Date of Award

2017

Degree Type

Dissertation

Degree Name

Doctor of Philosophy (PhD)

Department

Psychology

First Advisor

Patricia Morokoff

Abstract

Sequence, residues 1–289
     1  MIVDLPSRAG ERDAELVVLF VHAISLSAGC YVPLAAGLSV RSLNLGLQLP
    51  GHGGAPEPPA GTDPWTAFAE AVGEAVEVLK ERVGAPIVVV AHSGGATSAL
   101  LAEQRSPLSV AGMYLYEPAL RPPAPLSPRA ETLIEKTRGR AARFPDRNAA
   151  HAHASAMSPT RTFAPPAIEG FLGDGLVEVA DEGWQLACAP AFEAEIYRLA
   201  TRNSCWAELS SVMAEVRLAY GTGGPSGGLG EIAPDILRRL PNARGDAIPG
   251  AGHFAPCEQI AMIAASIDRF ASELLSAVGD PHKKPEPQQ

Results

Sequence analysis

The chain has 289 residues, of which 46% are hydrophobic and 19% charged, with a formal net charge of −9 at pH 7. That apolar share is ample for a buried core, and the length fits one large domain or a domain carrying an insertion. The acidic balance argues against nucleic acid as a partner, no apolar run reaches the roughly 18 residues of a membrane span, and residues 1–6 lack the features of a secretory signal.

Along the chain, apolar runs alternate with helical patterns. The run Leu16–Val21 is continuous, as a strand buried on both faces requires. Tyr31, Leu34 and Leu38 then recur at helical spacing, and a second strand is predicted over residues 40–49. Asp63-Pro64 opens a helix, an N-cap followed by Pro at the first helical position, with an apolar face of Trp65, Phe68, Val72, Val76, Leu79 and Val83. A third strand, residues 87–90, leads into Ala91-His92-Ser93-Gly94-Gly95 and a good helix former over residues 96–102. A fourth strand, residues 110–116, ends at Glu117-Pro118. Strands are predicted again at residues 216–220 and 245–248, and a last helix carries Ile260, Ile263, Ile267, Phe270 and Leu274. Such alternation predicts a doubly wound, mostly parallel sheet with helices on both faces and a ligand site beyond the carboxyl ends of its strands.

Intimate partner violence (IPV) is a widespread occurrence in the United States, particularly in women’s same sex relationships. Unfortunately, beyond preliminary data on prevalence rates, little is known about how the power dynamics in women's same sex IPV compares to that of heterosexual couples. The purpose of the current study is to describe the types of abuse women experience in same sex relationships, illustrate the role of power and control over the course of an abusive relationship, and demonstrate the extent to which abuse changes over time within a relationship and during a woman's subsequent relationships. Using qualitative methods, twelve women described their experiences of same sex partner violence through phone interviews. All women in the sample had experienced at least one past instance of same sex IPV, though they could identify sexually however they chose. Interviews were analyzed using manifest content analysis to describe common responses to each research questions from the women's stories. Results suggest that women experienced all forms of IPV in same sex relationships, endured several domains of powerless and lack of control over their partners, and described abuse as a one-sided, increasingly intense trajectory with their first same sex partner. Participants also provided helpful reflections and suggestions for healthcare professionals and therapists based on their experiences with help seeking. Implications for provider education and therapeutic interventions are discussed.

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